Neha Patil (Editor)

Sahaptin language

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Native to  United States
Native speakers  100–125 (2007)
Region  Washington, Oregon, and Idaho
Ethnicity  10,000 Sahaptins (1977)
Language family  Plateau Penutian Sahaptian Sahaptin '
ISO 639-3  Variously: uma – Umatilla waa – Walla Walla yak – Yakima tqn – Tenino

Sahaptin (also Shahaptin), Sħáptənəxw, is a Plateau Penutian language of the Sahaptian branch spoken in a section of the northwestern plateau along the Columbia River and its tributaries in southern Washington, northern Oregon, and southwestern Idaho, in the United States. Many of the tribes that surrounded the land were skilled with horses and trading with one another.


The Yakama tribal cultural resources program has been promoting the use of the traditional name of the language, Ichishkíin Sɨ́nwit, instead of Sahaptin, which means "stranger in the land."


Sahaptin has four dialects in a dialect cluster :

  • Northern Sahaptin group
  • Northwest Sahaptin dialect cluster: Klickitat (Klikitat) (Yakama name: Xwálxwaypam or L'ataxat), Tainapam (Taidnapam / Táytnapam or Upper Cowlitz), Upper Nisqually (Meshal / Mashel or Mica'l, also known as Mishalpam), Yakima (Yakama) (Lower or Yakama proper, autonym: Mámachatpam), Kittitas (Upper Yakama, autonym: Pshwánapam or Pshwanpawam)
  • Northeast Sahaptin dialect cluster: Wanapum (Wanapam) (Wánapam), Palouse (Palus) (Yakama name: Pelúuspem), Lower Snake (Chamnapam, Wauyukma, and Naxiyampam), Walla Walla (Waluulapan)
  • Southern Sahaptin group (Columbia River cluster): Umatilla (Rock Creek Indians, Yakama name: Amatalamlama; Imatalamlama), Skin-pah (Sk'in tribe or Sawpaw, also known as Fall Bridge and Rock Creek people or K'milláma, a Tenino subtribe; perhaps another Yakama name for the Umatilla, who were known as Rock Creek Indians), Tenino (Tygh Valley dialect of the Tygh (Taih, Tyigh or Tayxɫáma) or "Upper Deschutes", Celilo dialect of the Wyam (Wayámɫáma) (Yakama name: Wayámpam) or "Lower Deschutes", also known as "Celilo Indians", Tenino dialect of the Dalles Tenino or "Tinainu (Tinaynuɫáma)"; John Day dialect oft the Dock-Spus (Tukspush or Takspasɫáma) or "John Day.")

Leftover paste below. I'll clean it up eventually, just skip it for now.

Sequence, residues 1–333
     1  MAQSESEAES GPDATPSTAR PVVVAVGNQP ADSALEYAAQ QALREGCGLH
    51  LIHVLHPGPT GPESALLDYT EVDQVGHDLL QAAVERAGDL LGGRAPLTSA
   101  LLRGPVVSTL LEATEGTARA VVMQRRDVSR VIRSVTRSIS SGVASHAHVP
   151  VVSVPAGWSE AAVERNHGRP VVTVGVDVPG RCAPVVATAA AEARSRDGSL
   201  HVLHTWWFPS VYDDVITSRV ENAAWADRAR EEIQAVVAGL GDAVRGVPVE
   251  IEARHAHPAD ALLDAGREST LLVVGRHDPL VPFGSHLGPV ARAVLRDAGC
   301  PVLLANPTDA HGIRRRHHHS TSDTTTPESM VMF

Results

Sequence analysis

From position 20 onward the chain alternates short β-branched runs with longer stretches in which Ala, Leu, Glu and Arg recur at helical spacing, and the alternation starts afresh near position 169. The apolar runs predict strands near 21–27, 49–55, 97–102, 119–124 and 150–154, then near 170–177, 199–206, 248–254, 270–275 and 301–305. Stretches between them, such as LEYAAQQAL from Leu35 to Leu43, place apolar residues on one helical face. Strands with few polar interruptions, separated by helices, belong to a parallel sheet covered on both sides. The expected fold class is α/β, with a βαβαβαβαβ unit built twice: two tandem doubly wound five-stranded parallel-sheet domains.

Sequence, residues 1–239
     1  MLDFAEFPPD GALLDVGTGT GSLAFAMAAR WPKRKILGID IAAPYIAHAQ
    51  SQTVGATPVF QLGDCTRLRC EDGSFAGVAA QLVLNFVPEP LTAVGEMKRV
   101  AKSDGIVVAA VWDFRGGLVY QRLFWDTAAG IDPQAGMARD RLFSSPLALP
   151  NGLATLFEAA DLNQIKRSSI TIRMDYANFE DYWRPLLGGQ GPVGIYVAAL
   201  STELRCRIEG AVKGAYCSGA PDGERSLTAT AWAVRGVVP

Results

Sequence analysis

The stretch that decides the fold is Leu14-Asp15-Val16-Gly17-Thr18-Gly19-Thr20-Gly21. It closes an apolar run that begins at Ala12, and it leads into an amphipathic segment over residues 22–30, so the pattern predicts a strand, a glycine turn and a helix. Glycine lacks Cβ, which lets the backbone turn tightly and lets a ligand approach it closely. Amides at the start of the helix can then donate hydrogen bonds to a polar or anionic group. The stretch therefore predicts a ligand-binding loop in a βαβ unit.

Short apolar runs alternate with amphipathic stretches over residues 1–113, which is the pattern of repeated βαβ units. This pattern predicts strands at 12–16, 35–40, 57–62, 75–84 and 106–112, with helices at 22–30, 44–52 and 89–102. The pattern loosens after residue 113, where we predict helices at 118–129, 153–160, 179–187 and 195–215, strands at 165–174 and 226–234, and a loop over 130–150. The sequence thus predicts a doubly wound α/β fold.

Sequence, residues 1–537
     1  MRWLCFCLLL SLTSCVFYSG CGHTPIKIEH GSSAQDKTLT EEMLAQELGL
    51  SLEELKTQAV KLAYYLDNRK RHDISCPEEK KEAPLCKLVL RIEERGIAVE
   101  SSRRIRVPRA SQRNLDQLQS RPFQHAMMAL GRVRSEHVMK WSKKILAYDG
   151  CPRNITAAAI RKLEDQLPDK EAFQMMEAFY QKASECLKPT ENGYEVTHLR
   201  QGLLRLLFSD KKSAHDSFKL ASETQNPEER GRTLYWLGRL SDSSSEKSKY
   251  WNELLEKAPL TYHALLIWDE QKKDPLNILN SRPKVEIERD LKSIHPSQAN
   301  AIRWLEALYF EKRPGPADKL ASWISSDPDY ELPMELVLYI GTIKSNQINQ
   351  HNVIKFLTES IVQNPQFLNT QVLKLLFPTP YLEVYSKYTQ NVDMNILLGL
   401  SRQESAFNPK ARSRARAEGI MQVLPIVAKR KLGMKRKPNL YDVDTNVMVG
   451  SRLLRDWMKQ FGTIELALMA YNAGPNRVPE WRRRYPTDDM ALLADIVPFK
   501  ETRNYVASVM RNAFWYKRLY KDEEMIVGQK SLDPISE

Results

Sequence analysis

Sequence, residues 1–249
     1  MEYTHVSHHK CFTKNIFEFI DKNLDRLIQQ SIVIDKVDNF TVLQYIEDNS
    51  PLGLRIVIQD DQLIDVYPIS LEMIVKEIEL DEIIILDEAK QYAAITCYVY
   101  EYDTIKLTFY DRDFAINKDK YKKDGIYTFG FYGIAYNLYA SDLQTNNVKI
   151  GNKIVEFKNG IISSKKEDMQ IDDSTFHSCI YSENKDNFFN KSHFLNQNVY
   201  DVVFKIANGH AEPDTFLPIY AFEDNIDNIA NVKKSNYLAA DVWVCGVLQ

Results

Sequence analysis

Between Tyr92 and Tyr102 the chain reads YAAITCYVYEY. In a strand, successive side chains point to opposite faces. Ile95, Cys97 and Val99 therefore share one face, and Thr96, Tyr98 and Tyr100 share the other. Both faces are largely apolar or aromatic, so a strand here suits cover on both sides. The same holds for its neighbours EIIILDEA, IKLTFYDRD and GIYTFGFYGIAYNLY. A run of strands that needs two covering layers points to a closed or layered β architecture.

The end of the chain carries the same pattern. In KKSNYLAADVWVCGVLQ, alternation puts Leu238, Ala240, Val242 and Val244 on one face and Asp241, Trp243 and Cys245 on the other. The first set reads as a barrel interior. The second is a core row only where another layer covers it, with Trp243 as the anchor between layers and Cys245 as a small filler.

• Grammar

    There are published grammars, a recent dictionary, and a corpus of published texts. Sahaptin has a split ergative syntax, with direct-inverse voicing and several applicative constructions.

    The ergative case inflects third-person nominals only when the direct object is first- or second-person (the examples below are from the Umatilla dialect):

    1) i-q̓ínu-šana yáka paanáy
    3nom-see-asp bear ‘the bear saw him’
    2) i-q̓ínu-šana=aš yáka-nɨm
    3nom-see-asp=1sg bear-erg ‘the bear saw me’

    The direct-inverse contrast can be elicited with examples such as the following. In the inverse, the transitive direct object is coreferential with the subject in the preceding clause.


    3) wínš i-q̓ínu-šana wapaanłá-an ku i-ʔíƛ̓iyawi-ya paanáy
    man 3nom-see-asp grizzly-acc and :3nom-kill-pst ‘the man saw the grizzly and he killed it’


    4) wínš i-q̓ínu-šana wapaanłá-an ku pá-ʔiƛ̓iyawi-ya
    man 3nom-see-asp grizzly-acc and inv-kill-pst ‘the man saw the grizzly and it killed him’

    The inverse (marked by the verbal prefix pá-) retains its transitive status, and a patient nominal is case marked accusative.

    5) ku pá-ʔiƛ̓iyawi-ya wínš-na
    and inv-kill-pst man-acc ‘and it killed the man’ (= ‘and the man was killed by it’)

    A semantic inverse is also marked by the same verbal prefix pá-.


    6) q̓ínu-šana=maš
    see-asp=1sg/2sg ‘I saw you’


    7) pá-q̓inu-šana=nam
    inv-see-=2sg ‘you saw me’

    In Speech Act Participant (SAP) and third-person transitive involvement, direction marking is as follows:


    8) á-q̓inu-šana=aš paanáy
    obv-see-asp=1sg 3sg.acc ‘I saw him/her/it’


    9) i-q̓ínu-šana=aš pɨ́nɨm
    3nom-see-asp=1sg 3erg ‘he/she/it saw me’


    The charts of consonants and vowels below are used in the Yakima Sahaptin (Ichishkiin) language:


    Vowels can also be accented (e.g. /á/).


    Sahaptin language Wikipedia

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